Late September, Sandaime Year 14
Shiranui Yuuichi didn’t hear the knock at the door above the din of the rain on the ceramic tile roof and the screams of his overtired two-year-old.
“I want Mama!” Genma raged. He lay on the floor, thrashing his tiny limbs and wailing the words over and over again, until “Mama” was just a long, drawn out cry of fury. His little face was brick red, his eyes and nose streaming, and there was nothing, nothing Yuuichi could do.
“Mama’s on a mission,” he said helplessly. “She’ll be home tomorrow, Gen-chan. Just take a nap for Papa. Please.”
He could practically hear Etsuko laughing at him. “There’s no reasoning with a toddler, Yuuichi.”
He’d tried every toy, every game, every book, every trick, and every treat he could think of. Even Genma’s favorite stories, Noisy Little Monkey and The Dancing Kettle, had fallen flat. Unfinished jigsaw puzzles and building blocks littered the floor. Half a chestnut-paste bun lay next to a sippy cup of warmed milk, abandoned on the kotatsu. Nothing was working.
Etsuko’s two and three day missions away hadn’t been easy, but Yuuichi’d managed. A week of solo parenthood was something else. Six months in, and he was sorry he’d ever agreed to her resuming full field duty. When she got back, he was renegotiating. Maybe she could work at the Hokage’s office or take that teaching position at the Academy. Anything that meant she’d be home at least once a day.
Genma needed her.
Yuuichi needed her.
“I want Mama!” Genma yowled, choking on his own tears.
The knocking came louder.
“Merciful Kannon, let that be your mother.” Yuuichi slung Genma up over his shoulder like a sack of rice flour and went to open the door.
It wasn’t Etsuko.
Two unfamiliar shinobi stood shoulder to shoulder, wearing identical black rain cloaks over Konoha dress uniforms. A man and a woman. The woman had clan markings on her cheeks, Yuuichi noted distantly. The sound of the rain was oddly loud.
“Shiranui Yuuichi?” the man said.
Yuuichi nodded. Cold wind blew rain across the threshold. Something made Genma stop crying. He twisted to stare at the ninja, huge gold-brown eyes still bright with tears.
“Your wife is Shiranui Etsuko, correct?” the man asked.
Yuuichi nodded. He couldn’t quite feel his hands.
“I’m sorry, may we come in for a moment, Shiranui-san?” the woman said quietly.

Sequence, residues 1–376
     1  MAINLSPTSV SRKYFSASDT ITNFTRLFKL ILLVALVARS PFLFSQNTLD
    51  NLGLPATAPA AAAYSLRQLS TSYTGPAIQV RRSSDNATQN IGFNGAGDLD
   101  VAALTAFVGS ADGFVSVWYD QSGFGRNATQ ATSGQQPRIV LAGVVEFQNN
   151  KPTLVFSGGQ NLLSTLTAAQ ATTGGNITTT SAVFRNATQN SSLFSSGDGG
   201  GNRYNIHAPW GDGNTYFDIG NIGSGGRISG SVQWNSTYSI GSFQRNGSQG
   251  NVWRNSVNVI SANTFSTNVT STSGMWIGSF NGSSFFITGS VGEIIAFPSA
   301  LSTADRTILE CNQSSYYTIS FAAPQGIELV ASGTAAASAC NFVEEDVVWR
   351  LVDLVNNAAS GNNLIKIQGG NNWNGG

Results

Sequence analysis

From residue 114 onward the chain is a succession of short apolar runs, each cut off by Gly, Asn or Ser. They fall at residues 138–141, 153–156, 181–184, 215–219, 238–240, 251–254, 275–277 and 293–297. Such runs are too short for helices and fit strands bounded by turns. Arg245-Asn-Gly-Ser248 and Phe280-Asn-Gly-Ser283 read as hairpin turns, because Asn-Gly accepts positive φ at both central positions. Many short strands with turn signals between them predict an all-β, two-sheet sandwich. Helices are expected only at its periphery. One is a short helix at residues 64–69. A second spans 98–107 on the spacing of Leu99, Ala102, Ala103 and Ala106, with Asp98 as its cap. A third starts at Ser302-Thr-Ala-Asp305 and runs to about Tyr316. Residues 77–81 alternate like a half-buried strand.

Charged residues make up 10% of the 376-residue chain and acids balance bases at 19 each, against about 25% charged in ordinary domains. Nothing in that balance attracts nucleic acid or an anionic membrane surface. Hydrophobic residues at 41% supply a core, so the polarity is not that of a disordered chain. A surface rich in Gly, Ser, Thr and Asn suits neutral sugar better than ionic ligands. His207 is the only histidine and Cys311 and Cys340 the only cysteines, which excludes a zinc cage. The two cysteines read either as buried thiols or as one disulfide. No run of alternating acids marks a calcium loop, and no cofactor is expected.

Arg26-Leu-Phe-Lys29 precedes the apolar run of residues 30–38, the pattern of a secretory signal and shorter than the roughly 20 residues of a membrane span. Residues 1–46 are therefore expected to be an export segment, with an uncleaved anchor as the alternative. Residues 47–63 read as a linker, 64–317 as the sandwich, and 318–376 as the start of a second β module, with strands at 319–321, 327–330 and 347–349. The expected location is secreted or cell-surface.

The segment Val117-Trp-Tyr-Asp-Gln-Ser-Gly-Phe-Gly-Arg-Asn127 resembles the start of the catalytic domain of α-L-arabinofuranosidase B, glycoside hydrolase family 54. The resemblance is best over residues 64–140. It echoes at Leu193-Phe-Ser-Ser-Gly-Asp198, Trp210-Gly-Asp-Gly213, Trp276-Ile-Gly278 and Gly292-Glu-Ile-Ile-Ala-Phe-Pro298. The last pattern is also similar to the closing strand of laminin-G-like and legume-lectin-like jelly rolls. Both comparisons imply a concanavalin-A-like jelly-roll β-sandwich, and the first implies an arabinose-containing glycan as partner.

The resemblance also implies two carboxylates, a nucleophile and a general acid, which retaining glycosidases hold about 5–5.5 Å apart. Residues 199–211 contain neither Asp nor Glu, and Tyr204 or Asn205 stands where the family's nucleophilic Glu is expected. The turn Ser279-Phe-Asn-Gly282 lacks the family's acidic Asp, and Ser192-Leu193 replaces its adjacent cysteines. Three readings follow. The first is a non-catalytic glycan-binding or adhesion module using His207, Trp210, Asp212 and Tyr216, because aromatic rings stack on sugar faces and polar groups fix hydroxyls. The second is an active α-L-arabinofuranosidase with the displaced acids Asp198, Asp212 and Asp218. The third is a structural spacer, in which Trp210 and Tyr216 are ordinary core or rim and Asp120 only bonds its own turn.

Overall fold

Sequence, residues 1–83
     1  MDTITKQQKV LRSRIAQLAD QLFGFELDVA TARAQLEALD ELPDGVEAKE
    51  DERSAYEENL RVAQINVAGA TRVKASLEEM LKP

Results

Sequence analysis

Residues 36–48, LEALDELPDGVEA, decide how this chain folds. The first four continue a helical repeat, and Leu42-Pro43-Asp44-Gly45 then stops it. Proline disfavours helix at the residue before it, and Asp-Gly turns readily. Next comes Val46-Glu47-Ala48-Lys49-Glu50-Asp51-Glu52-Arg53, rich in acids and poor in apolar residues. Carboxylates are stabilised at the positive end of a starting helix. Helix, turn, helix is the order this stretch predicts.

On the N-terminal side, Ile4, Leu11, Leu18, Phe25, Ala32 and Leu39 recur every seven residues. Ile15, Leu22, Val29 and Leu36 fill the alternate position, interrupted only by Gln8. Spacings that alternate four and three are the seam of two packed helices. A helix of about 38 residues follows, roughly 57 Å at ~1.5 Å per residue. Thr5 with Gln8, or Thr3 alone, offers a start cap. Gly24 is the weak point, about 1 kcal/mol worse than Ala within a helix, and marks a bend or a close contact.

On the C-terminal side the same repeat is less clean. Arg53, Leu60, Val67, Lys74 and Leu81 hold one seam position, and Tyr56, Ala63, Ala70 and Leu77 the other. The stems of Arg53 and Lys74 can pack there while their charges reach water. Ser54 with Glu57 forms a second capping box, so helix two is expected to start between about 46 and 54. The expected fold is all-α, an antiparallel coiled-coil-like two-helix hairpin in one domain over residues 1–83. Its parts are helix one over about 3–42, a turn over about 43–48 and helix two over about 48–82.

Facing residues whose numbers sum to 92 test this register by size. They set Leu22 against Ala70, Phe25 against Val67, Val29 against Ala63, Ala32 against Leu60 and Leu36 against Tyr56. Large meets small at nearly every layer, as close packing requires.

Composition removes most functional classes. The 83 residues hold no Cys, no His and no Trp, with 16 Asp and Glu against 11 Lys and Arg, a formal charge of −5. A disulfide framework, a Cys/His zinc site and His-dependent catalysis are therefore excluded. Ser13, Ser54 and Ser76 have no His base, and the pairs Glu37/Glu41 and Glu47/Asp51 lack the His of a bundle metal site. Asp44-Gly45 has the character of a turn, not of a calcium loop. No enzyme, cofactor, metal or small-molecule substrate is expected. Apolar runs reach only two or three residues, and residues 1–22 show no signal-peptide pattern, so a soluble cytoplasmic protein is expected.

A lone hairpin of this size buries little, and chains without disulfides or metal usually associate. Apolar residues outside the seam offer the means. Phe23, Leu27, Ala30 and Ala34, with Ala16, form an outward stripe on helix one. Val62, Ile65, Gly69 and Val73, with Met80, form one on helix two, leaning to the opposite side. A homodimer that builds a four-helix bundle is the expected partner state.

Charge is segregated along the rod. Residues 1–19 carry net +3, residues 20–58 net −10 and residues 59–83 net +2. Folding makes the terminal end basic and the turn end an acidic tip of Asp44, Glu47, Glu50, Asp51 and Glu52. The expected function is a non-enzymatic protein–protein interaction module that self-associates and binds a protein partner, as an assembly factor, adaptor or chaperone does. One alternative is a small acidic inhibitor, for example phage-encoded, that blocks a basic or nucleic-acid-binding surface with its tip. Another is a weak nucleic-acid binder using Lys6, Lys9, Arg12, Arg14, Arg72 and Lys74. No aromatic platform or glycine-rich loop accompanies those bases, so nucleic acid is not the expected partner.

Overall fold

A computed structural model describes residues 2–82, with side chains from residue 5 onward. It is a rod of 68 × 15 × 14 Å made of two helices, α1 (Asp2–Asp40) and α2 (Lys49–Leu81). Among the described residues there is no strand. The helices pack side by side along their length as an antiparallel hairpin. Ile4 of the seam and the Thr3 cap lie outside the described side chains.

“Of course,” Yuuichi heard himself answer. It wasn’t real. This wasn’t happening. He stepped back and allowed the ninja to enter.
“Mama?” Genma said uncertainly. The two ninja glanced at one another, then away.
“You have news about my wife?” Yuuichi asked, pulling his son closer. The steel in his voice came from someplace he hadn’t even known existed.
“I’m very sorry to have to deliver this information, Shiranui-san,” the woman said.
Her voice seemed to come from underwater. From the other side of a mountain.
From a mountain that had collapsed.
They held the funerals a week later. Full military honors for Etsuko and her entire squadron. Six Konoha ninja had died in the landslide that buried the village of Tateyama. Six ninja, and nearly three hundred civilians. There was nothing left of the village but rubble and mass graves.
There were no ashes to bury, and the dogtags they gave Yuuichi were replicas—Etsuko’s body hadn’t been found. Perhaps the roiling floodwaters had carried her away to the seaside where she’d dreamed of vacationing.
Genma wore the tags now, over a dark blue kimono two sizes too-large for him.
Kamizuki-san had loaned it to them, a hand-me-down from her own son who’d worn it at his ninja-father’s funeral two years prior. “We service widows have to look out for one another,” Kamizuki-san had told him.
Widow. Widower. The words were so much uglier than wife and husband.
While the Sandaime spoke of the bravery and honor with which Konoha’s loyal soldiers had died trying to save Tateyama from the flood and mudslides, Genma sat remarkably still in Yuuichi’s arms, sucking on the thin sliver of steel that bore his mother’s name and registration number.
The Hokage bowed his head and clapped his hands. A priest from the temple rang a bell and read a sutra. And then, one after another, they called the names on the roll of the dead. A sea of shinobi standing at attention in formal black made a painful backdrop to the families and loved ones in their mourning clothes. One by one, the bereaved stepped forward to place white chrysanthemums in front of the row of black-bordered portraits and gently smoking sticks of incense.
“Kobayashi Akito,” the Sandaime read. A willowy woman in uniform stepped forward, clutching her chrysanthemum like it was the only thing keeping her upright. She walked slowly forward, pausing to salute the Hokage before she knelt to add her flower under one of the portraits. Her knees gave way as she tried to stand back up, and she choked on a sob.
She was still kneeling in front of the portrait when the Hokage’s voice called, “Shiranui Etsuko.”
Yuuichi stood up. He held Genma’s hand and led his son forward. Etsuko’s smiling face, bigger than life, looked down at them from the crepe-draped frame.
“Mama!” Genma said. He waved his chrysanthemum at the photograph, gripping it so tightly the stem bent.
That was when Yuuichi finally cried.